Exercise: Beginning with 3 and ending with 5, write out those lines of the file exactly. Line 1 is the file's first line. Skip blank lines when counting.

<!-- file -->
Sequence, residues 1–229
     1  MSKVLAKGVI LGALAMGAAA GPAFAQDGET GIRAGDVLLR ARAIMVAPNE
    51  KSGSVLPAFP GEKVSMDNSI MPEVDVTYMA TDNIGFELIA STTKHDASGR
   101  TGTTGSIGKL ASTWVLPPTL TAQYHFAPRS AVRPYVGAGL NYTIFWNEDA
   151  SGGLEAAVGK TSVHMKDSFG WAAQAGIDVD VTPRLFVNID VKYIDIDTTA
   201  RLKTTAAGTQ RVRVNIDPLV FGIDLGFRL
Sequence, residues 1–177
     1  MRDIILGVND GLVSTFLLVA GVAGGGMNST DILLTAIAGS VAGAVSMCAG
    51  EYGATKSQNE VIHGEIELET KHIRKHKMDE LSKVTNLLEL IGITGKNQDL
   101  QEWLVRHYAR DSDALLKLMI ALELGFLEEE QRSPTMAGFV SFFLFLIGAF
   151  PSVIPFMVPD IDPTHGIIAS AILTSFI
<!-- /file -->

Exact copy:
    51  KSGSVLPAFP GEKVSMDNSI MPEVDVTYMA TDNIGFELIA STTKHDASGR
   101  TGTTGSIGKL ASTWVLPPTL TAQYHFAPRS AVRPYVGAGL NYTIFWNEDA
   151  SGGLEAAVGK TSVHMKDSFG WAAQAGIDVD VTPRLFVNID VKYIDIDTTA